When we moved after my divorce, I really didn’t have time to go through everything before the move. Movers packed up everything and deposited it all here at my current home. Yuck…

    It also seems that when we’re younger, we do tend to collect stuff. As we get older, we often start what I call “simplifying” our lives and slowly clearing out the stuff we don’t use (need vs. want) … not everyone, of course, but I see this so often.

    At any rate, getting rid of stuff feels so, so good. It’s also part of moving forward, moving on, and so much more.

    • I agree — getting rid of stuff DOES make you feel good. I felt great as I was packing up my old home, throwing away tons of stuff that cluttered my old office and kitchen.

      Although this place has lots of storage — after all, it’s nearly 4000 square feet — I’m going to work hard to keep “garage storage” separate from “house storage.” Any household stuff that doesn’t fit upstairs has to go.

      I think what I’ll do is set up a spring/fall declutter schedule. If I haven’t used something since the last declutter, it goes. For now, I’ll get rid of the things I know I won’t use over the next six months or more.

  2. I “resemble” many of your actions and thoughts re collecting so many things over my life, and still haven’t unpacked/sorted all the “junk”. Sometimes the time passed before one tackles this task in a new place, with a new life as we have both found ourselves in, is a blessing.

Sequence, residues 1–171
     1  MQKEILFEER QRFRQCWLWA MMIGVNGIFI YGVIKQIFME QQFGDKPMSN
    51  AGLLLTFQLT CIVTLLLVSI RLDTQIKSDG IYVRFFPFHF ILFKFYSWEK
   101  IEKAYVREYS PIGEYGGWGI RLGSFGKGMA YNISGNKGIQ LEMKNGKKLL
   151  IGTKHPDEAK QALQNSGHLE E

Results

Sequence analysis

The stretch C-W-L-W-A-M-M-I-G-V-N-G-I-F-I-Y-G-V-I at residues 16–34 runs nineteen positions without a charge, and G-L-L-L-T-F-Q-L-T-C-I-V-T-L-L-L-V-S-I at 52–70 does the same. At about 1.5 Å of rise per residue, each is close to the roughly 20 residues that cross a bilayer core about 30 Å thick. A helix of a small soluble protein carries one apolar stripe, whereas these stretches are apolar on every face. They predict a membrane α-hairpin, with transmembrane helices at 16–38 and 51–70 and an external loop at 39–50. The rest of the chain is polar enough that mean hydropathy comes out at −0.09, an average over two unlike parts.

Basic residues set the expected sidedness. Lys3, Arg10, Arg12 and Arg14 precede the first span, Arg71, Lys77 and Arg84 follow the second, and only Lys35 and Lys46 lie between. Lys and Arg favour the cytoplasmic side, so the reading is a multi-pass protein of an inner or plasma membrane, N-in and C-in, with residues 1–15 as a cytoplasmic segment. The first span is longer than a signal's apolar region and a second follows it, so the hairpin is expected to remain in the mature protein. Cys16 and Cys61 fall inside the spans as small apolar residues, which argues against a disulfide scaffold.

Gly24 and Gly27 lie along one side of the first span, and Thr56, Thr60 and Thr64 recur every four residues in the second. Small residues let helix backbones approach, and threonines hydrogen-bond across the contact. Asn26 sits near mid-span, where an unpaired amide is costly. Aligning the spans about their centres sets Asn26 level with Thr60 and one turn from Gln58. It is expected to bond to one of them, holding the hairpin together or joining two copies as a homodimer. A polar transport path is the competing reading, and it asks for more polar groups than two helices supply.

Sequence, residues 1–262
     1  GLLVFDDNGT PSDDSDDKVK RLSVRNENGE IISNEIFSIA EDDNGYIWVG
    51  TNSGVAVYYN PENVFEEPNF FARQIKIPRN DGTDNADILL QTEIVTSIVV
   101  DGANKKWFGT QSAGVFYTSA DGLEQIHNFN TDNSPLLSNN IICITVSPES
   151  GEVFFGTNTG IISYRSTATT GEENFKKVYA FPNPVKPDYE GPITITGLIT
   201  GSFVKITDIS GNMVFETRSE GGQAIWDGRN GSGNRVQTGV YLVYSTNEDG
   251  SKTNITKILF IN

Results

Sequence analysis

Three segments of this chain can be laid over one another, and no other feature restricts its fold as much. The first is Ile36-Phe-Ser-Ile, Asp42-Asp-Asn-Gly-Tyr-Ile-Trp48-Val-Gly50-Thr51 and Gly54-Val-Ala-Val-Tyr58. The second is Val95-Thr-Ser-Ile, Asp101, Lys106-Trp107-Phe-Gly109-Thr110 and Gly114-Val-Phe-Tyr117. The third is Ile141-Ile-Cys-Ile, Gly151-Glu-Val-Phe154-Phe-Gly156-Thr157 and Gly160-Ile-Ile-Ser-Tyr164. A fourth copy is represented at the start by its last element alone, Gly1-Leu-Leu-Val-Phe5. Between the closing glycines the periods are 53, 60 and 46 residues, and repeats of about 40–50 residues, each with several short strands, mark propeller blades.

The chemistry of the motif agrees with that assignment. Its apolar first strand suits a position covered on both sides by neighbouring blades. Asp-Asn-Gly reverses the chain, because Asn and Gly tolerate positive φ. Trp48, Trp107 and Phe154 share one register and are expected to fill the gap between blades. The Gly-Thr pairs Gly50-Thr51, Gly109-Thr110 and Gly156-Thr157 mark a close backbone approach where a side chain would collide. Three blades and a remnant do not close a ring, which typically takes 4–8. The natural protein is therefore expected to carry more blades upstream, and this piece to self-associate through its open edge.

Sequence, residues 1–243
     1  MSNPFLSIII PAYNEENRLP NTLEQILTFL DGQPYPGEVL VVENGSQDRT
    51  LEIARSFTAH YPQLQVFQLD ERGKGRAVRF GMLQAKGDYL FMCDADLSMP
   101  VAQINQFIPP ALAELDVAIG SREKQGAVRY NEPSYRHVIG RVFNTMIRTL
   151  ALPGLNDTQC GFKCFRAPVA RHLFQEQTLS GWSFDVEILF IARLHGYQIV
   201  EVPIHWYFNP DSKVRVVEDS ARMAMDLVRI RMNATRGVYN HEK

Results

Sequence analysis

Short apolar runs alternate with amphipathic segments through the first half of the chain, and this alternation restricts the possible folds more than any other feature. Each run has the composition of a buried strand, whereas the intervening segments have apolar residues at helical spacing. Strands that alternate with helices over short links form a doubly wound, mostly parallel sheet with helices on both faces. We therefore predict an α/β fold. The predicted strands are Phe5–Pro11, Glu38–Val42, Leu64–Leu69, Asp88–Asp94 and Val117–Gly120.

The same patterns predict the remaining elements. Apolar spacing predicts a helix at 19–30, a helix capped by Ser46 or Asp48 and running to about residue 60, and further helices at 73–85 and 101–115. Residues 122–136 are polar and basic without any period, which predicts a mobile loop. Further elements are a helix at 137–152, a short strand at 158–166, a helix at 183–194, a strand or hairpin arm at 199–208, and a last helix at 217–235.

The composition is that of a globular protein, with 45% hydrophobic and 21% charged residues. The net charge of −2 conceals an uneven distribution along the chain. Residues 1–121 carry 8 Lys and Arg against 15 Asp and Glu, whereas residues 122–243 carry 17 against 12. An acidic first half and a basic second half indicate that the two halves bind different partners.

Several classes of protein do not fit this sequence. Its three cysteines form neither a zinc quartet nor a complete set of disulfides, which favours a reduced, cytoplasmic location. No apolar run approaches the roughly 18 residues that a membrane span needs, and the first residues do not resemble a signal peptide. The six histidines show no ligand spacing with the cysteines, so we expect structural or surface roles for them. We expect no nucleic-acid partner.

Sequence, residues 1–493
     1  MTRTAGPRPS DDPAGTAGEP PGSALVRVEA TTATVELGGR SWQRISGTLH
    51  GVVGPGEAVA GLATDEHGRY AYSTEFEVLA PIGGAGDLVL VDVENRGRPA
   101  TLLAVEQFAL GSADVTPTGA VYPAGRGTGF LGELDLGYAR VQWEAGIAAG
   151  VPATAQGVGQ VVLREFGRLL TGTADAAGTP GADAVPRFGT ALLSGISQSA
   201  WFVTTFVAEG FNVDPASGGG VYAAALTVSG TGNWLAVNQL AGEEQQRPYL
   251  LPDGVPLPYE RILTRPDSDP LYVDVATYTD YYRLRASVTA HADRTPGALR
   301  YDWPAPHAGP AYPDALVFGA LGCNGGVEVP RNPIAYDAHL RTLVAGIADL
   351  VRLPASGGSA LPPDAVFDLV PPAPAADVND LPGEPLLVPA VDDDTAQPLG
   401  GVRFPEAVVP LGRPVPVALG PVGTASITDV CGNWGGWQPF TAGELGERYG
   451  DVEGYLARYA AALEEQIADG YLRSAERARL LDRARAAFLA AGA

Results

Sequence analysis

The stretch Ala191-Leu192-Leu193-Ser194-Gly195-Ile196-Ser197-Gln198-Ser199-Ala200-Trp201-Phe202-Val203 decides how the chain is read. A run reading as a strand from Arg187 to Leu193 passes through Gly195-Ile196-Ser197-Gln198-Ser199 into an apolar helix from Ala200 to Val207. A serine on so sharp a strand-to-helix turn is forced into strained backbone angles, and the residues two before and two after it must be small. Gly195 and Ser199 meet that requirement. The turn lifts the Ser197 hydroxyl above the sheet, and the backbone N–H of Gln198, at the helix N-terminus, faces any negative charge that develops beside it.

When I finally really begin attacking the project, I know that I will much more easily be able to sort the things that are important from those which no longer have significant meaning or use. And it will be a very cleansing endeavor. Reminders though your experiences gives me added motivation not to procrastinate much longer. And we will both be much happier for the result, and a feeling of control for ourselves in our new, and better, lives.

    Thanks for the inspiration! And enjoy YOUR new home, new life and all the great things that go with it!

    • You are so smart. Clutter is a terrible part of my life that I want so badly to get rid of.

      I like the idea of keeping a box downstairs and filling it with things I don’t want/need and then dropping them off. I’ve also got a bunch of things I took from my old home that I thought I’d use but won’t — my old over-the-range microwave is one of them. I’ll drop that off at Habitat for Humanity when I get a chance; it’ll be a welcome addition for someone else’s home. (Wish I could have used it in mine.)

What do you think?